“…And being found in human form, he humbled himself by becoming obedient to the point of death, even death on a cross.”
Philippians 2:8 ESV


You should be in hell right now…

When’s the last time you stopped and thought “I should be in hell right now.” Francis Chan

That is very powerful statement made by Francis Chan. So what say you?

It’s true you know. We all should be in hell, but because of the unbelievable love and mercy of God, poured out to us through Christ, we aren’t, and don’t have to be, if we put our trust in what He has done…So what say you?

Romans 3:23-25 “For all have sinned and fall short of the glory of God, and are justified by his grace as a gift, through the redemption that is in Christ Jesus, whom God put forward as a propitiation by His blood, to be received by faith.”

Romans 6:23 “For the wages of sin is death, but the free gift of God is eternal life in Christ Jesus our Lord.”

Today’s Sermon-Gotta Have Faith

Over the past several weeks, we have been looking at the lives of the Old Testament saints and the Patriarchs, and Will has done an awesome job of going through their lives, and introducing them to us in new ways, and helping us to identify with them in ways that maybe we haven’t before. It’s always a great thing for Christians when we can see Scripture, I think especially for Christians, the Old Testament in a fresh way, and from a different perspective. Many of us tend to look at the Old Testament as not being for us, or not really being relevant to our lives. I think Will has done a great job of showing us that that is not the case. All Scripture, all 66 books are for us, to read and to learn from.

So the past several weeks Will has been introducing us to some of the ”big” guys in Scripture, you know like Adam, Abraham, Isaac, Jacob, Joseph, and last week Moses. Today though we are going to be focusing in on a slightly more obscure person from the Bible.

Today we are going to be looking at the prophet Elijah and his meeting and his stay with a poor widow. Elijah is of course not an obscure fellow, but I’m not going to focus in on him a whole lot. Will has said he is going to be teaching on him in the upcoming weeks, so I’m going to let Will dive deeper into his life and ministry, but I want us to focus in on this widow and her faith, and how God works, even when we don’t really understand what He’s doing. Hopefully we can learn from this widow and from the pages of Scripture how to have the type of faith God desires us to have.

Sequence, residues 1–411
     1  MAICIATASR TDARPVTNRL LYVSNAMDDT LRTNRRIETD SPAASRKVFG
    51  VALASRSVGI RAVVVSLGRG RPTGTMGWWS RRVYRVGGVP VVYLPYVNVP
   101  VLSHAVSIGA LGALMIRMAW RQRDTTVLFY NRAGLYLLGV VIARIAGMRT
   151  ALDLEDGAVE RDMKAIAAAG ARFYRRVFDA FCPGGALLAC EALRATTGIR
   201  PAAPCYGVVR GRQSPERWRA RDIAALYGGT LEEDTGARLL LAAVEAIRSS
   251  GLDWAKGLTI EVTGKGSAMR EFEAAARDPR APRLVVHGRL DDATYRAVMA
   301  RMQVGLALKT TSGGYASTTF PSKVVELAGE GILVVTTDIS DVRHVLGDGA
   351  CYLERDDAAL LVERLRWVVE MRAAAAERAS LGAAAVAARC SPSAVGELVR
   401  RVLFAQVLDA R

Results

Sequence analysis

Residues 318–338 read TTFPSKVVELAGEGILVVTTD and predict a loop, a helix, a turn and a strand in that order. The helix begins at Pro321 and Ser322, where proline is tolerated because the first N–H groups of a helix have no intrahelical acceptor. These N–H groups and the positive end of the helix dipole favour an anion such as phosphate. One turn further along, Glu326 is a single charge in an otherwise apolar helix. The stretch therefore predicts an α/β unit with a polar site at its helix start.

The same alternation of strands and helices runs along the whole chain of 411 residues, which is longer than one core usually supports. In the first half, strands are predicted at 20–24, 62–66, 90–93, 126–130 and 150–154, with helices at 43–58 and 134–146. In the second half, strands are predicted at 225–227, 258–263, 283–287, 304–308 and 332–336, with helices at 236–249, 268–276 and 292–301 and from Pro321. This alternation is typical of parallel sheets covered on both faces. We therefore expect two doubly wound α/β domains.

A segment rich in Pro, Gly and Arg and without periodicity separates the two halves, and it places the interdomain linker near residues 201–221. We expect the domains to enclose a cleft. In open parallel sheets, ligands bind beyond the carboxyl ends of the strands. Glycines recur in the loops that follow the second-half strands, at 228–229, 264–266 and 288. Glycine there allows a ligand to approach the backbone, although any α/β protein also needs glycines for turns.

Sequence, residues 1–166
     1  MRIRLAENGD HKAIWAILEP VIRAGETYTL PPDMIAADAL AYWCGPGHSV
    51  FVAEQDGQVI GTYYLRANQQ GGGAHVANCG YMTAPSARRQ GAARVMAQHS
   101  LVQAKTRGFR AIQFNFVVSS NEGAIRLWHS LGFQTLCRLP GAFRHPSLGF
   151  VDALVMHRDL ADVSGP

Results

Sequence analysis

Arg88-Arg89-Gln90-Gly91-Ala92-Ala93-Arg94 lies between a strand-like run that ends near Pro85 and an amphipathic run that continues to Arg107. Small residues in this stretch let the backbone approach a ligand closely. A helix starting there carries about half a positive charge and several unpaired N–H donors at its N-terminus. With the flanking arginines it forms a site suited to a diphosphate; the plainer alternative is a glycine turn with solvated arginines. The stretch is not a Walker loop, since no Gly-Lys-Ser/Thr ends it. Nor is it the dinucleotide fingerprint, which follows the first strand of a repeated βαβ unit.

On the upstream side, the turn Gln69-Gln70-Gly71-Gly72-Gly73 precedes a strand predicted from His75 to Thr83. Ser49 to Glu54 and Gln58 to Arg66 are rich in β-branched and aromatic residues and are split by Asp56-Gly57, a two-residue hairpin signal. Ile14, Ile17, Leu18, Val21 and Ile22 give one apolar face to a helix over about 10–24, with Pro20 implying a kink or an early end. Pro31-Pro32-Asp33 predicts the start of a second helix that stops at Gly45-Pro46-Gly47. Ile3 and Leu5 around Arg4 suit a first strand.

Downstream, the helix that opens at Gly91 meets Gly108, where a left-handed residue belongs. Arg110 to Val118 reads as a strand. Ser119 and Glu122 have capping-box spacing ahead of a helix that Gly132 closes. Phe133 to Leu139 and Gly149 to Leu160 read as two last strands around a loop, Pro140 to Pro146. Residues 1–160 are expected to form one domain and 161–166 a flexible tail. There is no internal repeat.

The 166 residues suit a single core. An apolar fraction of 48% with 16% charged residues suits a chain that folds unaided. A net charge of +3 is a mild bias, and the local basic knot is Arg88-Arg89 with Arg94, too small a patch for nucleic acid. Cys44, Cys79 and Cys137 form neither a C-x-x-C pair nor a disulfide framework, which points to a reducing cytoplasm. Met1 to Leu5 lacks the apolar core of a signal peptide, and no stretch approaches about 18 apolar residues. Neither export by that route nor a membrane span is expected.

We are going to be looking in 1 Kings Chapter 17, so if you want you can go ahead and turn there, and while I’m not going to be going into great detail about Elijah and his ministry, I do want to give you a little background into what is going on when Elijah meets this widow, and some of the circumstances surrounding the situation.

During the time period here we will be looking at, the people of God, “Israel”, the twelve tribes, are divided into two Kingdoms. There was Israel to the north, and Judah to the south. At this time, Ahab is the king of Israel. We are told in Scripture that Ahab was an especially evil king. 1 Kings 16:33 it says, “Ahab did more to provoke the Lord, the God of Israel, to anger than all the kings of Israel who were before him.” This is a bold statement because when you read the history of these kings, they were some pretty rough dudes, and were immersed in idolatry. But there was something especially evil about Ahab. Ahab took a Phoenician princess named Jezebel to be his wife. Jezebel was a worshiper of Ba’al, who was a Canaanite God who was believed to have authority over rain and fertility. Jezebel not only worshiped Ba’al, but she also led Ahab to do the same. (1 Kings 21:25) If that wasn’t bad enough she even went so far as to murder the prophets of the Lord. (1 Kings 18:3) It seems that Jezebel wasn’t content just to worship Ba’al, but she wanted to wipe out Israel’s worship of their God altogether. Ahab did little or nothing to stop it.

Here is where we pick up our text. As I mentioned earlier, Ba’al was thought to have authority over rain and fertility. God has this really cool habit of taking on these false God’s directly, and displaying His authority. One of the best examples of this is back in Exodus, and each of the plagues God sent upon Egypt. Each of those plagues seemed to have been related to, and directed towards a different Egyptian “deity”. God does something very similar here in 1 Kings 17. God speaks to Ahab through Elijah, and tells Him that He is bringing a drought to the land. God is basically displaying to Ahab that He and He alone is in control of the rain and all of creation for that matter. With the coming famine, God instructs Elijah where to go so that he will be taken care of. That is where we are going to pick up our text.